Checklist for tax identity protection

January 31, 2017 : Annelise Wiens

Tax identity theft is a billion-dollar business. In 2013, the IRS identified 5.1 million fraudulent returns and paid more than $5.8 billion in fraudulent refunds.

Unfortunately, it’s a relatively easy crime to commit. All the information a criminal typically needs to file a fraudulent tax return is a person’s name, date of birth and Social Security number. They also need a way to file an electronic return.

“There is no fool-proof way to stop identity theft,” said Kathy Pickering, executive director of The Tax Institute at H&R Block. “The good news is that the number of new reports of identity theft by individuals who filed 2015 federal tax returns has fallen by more than 50 percent thanks to the IRS and the tax industry partnering to combat tax fraud. But there is more to do, and it also takes vigilance and action on the part of consumers.”

For National Tax Identity Theft Awareness Week, taxpayers can review this checklist of some simple ways they can protect their information, beware of scams and be vigilant with their taxes.

Protect personal information

  • Do not carry a Social Security card in a wallet.
  • Do not give out a Social Security Number (SSN) on the phone or in a public place.
  • Do not send a SSN or date of birth in an email or a text.
  • Do not share an online user ID, password or PIN with others. Do not leave this information anywhere someone else can easily see or gain access to it.
  • Avoid easily guessed or common names and numbers for passwords and PINs. Change passwords regularly and don’t use the same password for multiple accounts.
  • Close unused credit-card accounts and destroy the credit card.
  • Use a shredder for documents containing personal information.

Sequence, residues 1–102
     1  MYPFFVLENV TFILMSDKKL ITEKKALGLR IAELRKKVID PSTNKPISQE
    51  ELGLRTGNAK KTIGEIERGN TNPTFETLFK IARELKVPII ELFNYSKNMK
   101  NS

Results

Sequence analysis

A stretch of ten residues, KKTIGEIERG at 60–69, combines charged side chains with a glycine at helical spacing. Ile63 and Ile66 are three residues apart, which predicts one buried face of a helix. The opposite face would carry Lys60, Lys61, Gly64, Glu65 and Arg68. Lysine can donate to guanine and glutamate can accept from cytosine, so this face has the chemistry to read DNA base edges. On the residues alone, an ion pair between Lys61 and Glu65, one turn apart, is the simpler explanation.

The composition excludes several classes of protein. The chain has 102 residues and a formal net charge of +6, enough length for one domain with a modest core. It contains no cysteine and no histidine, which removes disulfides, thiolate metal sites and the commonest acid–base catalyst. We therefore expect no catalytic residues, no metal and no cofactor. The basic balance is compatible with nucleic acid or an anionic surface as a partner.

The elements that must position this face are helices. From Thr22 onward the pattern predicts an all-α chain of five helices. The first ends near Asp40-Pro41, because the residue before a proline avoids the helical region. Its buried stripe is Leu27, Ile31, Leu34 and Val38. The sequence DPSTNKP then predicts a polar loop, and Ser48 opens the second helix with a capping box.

• Use firewalls, anti-spam/virus software, update security patches.
  • Look for the S in https which means the site uses secure encryption technology.
  • Do not shop online on public Wi-Fi where information can be intercepted.
  • Request a copy of a credit report and keep tabs on who might be accessing it.
  • Review financial statements like credit card bills and bank statements for suspicious activity.

Beware of Scams

  • Be aware of phishing and social engineering scams. Be suspicious of emails that ask for credentials. Do not provide personal information over the phone, via text, through the mail or on the Internet.
  • The IRS will never email or connect on social media to request personal information.
  • The IRS will never call to demand immediate payment.
  • The IRS will never ask for credit or debit card information over the phone.
  • The IRS will never require specific payment methods.
  • The IRS will always contact taxpayers by mail first about taxes owed.
  • Report phone calls, emails or letters from IRS impersonators to the Treasury Department. Use its IRS Impersonation Scam Reporting Portal or call 800-366-4484.

Be Vigilant with Taxes

  • File early to lessen the window of opportunity for a criminal to file first.
  • If using a tax preparer, ask what they do to protect tax return information.
  • Apply for additional IRS protections like the identity protection PIN.
  • Consider a product like the Tax Identity Shield.

Taxpayers can help better protect themselves by practicing these simple measures. But these measures alone won’t always be enough. Criminals can get the information they need to file a return from company and government data breaches.

The IRS and tax industry may be able to stop the thieves after they have the taxpayer’s information. But when the worst happens, the Tax Identity Shield offers victims assistance restoring their identities and getting their refunds.

Taxpayers can learn more about tax identity thefthow to spot it and what to do if they become a victim and what H&R Block is doing to protect taxpayers.

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Annelise Wiens

Former Editor and Producer

As the former newsroom editor, Annelise Wiens was interested in more than just tax and industry news, but the stories of H&R Block's 80,000 associates, their communities and H&R Block's world headquarters in Kansas City, Mo. Wiens joined H&R Block in 2014 from a public relations agency, where she worked with clients in the financial services industry. Before that, she worked as a communicator for a senior member of the United States House of Representatives. She graduated from Biola University in La Mirada, CA with a bachelor's degree in history.

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